Assorted photos from multiple IPOOS events in the 90s, held at Klimaxx Discotik
A 3 page spread in Popular Magazine Feb 1996 covering the pageants and fashion shows run at Klimaxx Discotek

Other than regular parties and pageants, IPOOS also provided entertainment for hire. IPOOS members performed plays, caberet shows and dances to a diverse clientele, such as the below Independence Day party held by a bodybuilders association. Performing at these events helped IPOOS to raise funds for their other events.

IPOOS performance at Shangrila Restaurant, Pasar Baru, Jakarta.

For more information about IPOOS work, including their role in responding to HIV in Jakarta and their publication of the Buletin IPOOS magazine, please see our other two exhibitions in this festival.

Pageants hold a long history in Indonesia, and offer a rare opportunity for waria communities to show their creativity, beauty and talent in a public event of their own creation. Monica (first from the right) contributed her personal collection of photos to the archive. Her collection displays her long engagement in waria pageants held in Jakarta during the early 90s, offering a brief glimpse into the pageant scene of the era.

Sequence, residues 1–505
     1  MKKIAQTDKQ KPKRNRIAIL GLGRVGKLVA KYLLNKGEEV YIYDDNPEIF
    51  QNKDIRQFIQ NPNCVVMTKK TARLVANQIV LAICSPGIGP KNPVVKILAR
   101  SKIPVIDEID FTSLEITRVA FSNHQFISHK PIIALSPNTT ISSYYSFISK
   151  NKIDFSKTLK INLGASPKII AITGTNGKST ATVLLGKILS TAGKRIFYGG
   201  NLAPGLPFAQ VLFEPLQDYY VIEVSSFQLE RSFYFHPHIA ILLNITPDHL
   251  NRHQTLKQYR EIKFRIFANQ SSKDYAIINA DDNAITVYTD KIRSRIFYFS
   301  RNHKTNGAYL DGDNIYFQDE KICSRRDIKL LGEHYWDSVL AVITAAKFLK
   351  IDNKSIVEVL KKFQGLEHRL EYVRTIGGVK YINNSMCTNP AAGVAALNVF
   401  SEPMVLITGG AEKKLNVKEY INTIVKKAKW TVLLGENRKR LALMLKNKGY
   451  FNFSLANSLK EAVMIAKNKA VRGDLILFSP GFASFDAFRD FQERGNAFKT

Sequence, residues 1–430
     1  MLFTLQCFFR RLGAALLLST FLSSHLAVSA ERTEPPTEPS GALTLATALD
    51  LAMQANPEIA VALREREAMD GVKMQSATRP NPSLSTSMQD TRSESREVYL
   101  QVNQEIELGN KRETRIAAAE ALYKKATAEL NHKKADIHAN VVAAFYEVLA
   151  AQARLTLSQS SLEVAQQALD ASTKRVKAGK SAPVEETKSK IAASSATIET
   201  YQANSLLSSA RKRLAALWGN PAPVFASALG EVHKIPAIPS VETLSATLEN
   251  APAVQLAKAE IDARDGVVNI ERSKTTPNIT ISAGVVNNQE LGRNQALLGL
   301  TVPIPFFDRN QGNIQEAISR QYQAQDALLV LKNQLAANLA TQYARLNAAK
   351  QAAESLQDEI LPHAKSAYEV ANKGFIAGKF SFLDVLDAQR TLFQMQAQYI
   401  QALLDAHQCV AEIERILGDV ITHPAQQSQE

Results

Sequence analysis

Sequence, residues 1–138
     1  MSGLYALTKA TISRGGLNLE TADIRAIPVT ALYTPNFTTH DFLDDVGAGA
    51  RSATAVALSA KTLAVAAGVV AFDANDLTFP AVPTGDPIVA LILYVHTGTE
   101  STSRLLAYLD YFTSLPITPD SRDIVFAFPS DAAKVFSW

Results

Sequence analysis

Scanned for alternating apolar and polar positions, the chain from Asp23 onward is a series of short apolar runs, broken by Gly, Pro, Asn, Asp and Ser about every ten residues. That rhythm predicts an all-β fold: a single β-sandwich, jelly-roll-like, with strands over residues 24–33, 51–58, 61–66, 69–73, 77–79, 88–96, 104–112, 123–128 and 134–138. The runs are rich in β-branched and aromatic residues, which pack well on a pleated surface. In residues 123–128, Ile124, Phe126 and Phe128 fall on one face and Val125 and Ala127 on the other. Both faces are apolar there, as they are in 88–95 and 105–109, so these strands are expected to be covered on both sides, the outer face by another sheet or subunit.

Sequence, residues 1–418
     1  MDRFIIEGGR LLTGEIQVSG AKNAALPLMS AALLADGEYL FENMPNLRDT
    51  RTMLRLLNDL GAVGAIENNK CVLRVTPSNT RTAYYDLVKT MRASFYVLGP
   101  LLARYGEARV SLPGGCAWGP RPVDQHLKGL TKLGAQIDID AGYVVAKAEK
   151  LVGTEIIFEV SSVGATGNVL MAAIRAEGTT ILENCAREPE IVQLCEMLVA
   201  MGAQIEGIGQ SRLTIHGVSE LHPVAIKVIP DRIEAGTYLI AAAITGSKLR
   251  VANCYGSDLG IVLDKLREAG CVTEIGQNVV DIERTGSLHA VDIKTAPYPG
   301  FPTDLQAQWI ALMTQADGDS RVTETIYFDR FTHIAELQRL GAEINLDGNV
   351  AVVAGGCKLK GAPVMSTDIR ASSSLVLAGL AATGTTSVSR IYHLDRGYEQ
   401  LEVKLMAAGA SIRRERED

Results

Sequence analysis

Monica moved to Jakarta in the 1980s with her parents. She started hanging out with other waria in various parks and cafes in Jakarta before meeting an older waria who would become her mentor. She showed her the in and outs of the Jakartan waria scene during that time.

Monica with her mentor

This older waria persuaded her to learn a trade so Monica can start her own business. With the idea to be able to support herself independently Monica chose to learn hairdressing, earning her hairdressing license in 1992.

Monica at her graduation from beauty school.

She opened a salon at her house in one of the inner suburbs of Jakarta. Outside of providing hairdressing and makeup service for its clientele, Monica's salon acted as a social hub for her peers. Guests would come in often for quick chat, a group lunch, or an arisan (also known as hui, paluwagan, or lenshare in SEA). The salon became a place where friends, regardless of their sexuality and gender identity, socialised.

Monica and her friends at the salon.

Monica is currently an active member of the Sanggar Seroja dance and theatre group, but throughout the 90s Monica was an avid participant of the pageant scene. Sometimes she entered by herself, other times her friends would make her costume for her. Her photos give us a personal glimpse of the extent and scale of the waria pageant scene in 90s Jakarta.

Photos from multiple pageants where Monica entered as a contestant.